Odds are that you probably know someone who is or has been sick recently. They are in good company – the Denton County Health Department is reporting an earlier start to flu season this year as well as higher case counts than usual for this point in the season.
Although seasonal flu reporting to health departments is not required in Texas, most hospitals in Denton County report this information voluntarily in order to better track the flu season. Information comes from hospital lab reports of positive cases.
For the week ending on December 29, 2012, hospitals in Denton County saw 269 positive flu cases. In the same week last flu season, there were only 2 cases reported. This is only a piece of the puzzle, according to county health officials, but it does show signs of an earlier flu season.
Additionally, schools voluntarily report influenza like illness and health officials access hospital emergency room data; both are seeing an increase in flu cases.
The good news is that this season’s flu shot is a good match for the strains of flu circulating this year. Getting a flu shot is the best way to prevent the flu; officials said that everyone 6 months of age and older should get a flu shot if they haven’t already.
Children under 6 months are the pediatric group at highest risk of flu complications, but they are too young to get a flu vaccine. The best way to protect young children is to make sure members of their household and their caregivers are vaccinated. Those at high risk for complications from the flu include:
Children 6 months to 18 years of age
Adults over the age of 65
People with chronic medical conditions
People living in nursing homes or other long-term care facilities
People living with or caring for high risk individuals
Flu shots are available at each of the DCHD clinics, and the “super” flu shot is also available to those 65 years of age and older (see clinic information below). Shots are $20 each, cash only. Medicare, Medicaid, or CHIP are accepted as payment.
Seasonal flu is a contagious respiratory illness caused by flu viruses. Approximately 5-20% of U.S. residents get the flu each year, according to the Centers for Disease Control and Prevention (CDC).
There is a wide range of seasonal flu death estimates, but the most reliable numbers exceed 30,000 deaths annually. Most flu deaths are easily preventable by getting an annual flu vaccination.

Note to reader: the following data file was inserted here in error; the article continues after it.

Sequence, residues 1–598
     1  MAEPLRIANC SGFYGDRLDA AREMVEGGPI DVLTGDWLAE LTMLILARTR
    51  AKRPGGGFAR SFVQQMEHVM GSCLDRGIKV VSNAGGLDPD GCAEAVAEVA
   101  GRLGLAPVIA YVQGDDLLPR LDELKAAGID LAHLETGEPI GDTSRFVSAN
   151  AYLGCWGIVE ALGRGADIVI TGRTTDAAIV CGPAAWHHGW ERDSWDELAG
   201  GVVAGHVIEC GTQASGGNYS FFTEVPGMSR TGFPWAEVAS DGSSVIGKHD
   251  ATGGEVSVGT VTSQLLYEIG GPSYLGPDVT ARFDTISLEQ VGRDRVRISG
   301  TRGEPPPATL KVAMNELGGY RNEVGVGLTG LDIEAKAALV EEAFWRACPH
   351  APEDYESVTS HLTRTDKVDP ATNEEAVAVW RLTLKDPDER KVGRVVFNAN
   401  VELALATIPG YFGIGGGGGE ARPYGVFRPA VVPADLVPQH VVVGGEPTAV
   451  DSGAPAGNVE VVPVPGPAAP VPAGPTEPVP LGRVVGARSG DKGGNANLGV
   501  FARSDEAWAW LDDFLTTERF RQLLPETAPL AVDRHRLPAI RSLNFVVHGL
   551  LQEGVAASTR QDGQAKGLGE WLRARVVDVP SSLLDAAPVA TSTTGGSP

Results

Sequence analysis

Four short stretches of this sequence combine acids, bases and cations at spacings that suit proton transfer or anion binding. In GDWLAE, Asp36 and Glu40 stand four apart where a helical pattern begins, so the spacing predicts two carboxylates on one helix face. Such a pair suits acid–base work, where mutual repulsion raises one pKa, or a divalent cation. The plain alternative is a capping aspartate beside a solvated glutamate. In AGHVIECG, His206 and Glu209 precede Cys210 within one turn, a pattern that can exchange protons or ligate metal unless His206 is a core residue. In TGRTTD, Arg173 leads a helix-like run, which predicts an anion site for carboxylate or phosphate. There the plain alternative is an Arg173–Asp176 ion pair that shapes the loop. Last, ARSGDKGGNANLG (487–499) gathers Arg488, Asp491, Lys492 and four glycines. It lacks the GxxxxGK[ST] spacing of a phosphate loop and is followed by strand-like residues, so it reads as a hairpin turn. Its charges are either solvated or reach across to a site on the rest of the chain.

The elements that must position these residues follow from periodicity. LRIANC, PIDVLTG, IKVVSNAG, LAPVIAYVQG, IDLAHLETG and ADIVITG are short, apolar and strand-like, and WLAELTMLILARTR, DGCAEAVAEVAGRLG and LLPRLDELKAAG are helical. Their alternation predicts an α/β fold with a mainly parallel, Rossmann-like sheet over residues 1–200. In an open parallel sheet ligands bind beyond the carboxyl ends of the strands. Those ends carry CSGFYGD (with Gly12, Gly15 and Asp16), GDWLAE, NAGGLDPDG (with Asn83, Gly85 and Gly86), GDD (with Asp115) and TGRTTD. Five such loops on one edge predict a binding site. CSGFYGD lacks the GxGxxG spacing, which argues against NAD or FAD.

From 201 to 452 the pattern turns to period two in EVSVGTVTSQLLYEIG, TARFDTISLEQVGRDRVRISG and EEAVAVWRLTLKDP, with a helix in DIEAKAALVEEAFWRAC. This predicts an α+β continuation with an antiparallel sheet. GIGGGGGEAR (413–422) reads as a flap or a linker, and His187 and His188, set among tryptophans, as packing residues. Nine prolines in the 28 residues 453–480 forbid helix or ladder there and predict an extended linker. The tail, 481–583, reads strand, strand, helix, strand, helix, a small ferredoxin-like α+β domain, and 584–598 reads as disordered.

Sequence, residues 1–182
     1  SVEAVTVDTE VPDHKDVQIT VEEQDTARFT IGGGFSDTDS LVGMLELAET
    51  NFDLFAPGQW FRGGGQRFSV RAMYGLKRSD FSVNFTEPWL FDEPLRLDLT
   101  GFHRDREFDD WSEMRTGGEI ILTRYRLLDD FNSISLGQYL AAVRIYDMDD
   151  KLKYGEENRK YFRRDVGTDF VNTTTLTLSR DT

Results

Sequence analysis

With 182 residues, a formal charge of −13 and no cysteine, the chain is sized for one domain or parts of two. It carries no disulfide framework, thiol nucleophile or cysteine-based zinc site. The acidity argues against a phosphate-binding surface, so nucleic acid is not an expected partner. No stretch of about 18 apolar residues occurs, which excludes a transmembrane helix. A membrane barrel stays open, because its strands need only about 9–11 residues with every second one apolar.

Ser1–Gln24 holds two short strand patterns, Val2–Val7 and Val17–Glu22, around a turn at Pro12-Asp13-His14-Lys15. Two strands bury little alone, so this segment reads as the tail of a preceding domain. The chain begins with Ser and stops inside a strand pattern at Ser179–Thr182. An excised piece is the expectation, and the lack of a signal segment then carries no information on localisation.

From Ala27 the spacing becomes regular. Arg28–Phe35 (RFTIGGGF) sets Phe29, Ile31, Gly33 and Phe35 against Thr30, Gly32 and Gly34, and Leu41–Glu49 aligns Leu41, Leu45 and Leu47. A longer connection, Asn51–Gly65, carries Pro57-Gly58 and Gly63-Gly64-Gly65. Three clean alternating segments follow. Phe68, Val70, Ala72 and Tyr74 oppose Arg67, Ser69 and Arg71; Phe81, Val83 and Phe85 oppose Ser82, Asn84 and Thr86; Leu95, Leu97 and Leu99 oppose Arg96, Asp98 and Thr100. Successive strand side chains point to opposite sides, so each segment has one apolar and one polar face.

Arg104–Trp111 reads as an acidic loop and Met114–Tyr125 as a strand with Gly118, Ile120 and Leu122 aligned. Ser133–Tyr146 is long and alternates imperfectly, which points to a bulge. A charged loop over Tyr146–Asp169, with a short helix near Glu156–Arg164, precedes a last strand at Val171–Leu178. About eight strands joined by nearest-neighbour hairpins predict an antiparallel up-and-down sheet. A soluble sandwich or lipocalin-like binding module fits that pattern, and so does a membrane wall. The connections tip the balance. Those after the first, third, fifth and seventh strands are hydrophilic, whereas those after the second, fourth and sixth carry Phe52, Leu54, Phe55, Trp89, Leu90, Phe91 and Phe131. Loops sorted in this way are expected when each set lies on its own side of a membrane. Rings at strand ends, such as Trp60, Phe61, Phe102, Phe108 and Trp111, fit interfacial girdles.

Contrary to popular belief, seasonal flu symptoms rarely include nausea, vomiting or diarrhea. These symptoms are commonly referred to as “stomach flu,” but many other viruses, bacteria, and parasites can cause these.
Flu-related complications include pneumonia and dehydration.
Illness from seasonal flu usually lasts one to two weeks.
Other important steps you can take in your daily life to stop the spread of germs are:
Wash your hands – Use soap and water, or use an alcohol-based hand sanitizer if you cannot wash your hands. This is the easiest way to stop the spread of germs.
Avoid touching your eyes, nose or mouth – Some germs can live for 2 hours or more on surfaces like door knobs, desks, and tables.
Cover your mouth and nose when coughing or sneezing – The flu usually spreads from person to person when an infected person coughs or sneezes and the droplets through the air and get on the mouth and nose of people nearby. Always cough or sneeze into a tissue and throw it away to prevent the spread of the droplets. If you don’t have a tissue, cover your cough or sneeze into the crease of your elbow.
Stay home when you feel sick – Stay home from work, stores, and public places, and keep sick kids home from school or daycare. Contact your health care provider for specific treatment.
Try to avoid close contact with sick people – and try to avoid contact with others when you are sick.
Practice good health habits – Get plenty of sleep and exercise, manage your stress, drink plenty of fluids, and eat healthy food.
Denton: 535 S. Loop 288, Suite 1003
Lewisville: 190 N. Valley Pkwy., Suite 203
Please visit the U.S. Health and Human Services flu website (www.flu.gov), or the CDC flu website (www.cdc.gov/flu) for more details about flu symptoms, treatment, prevention tips, vaccination, and other flu topics. You can also get updates though Twitter from both agencies by following @CDCFlu or @FluGov.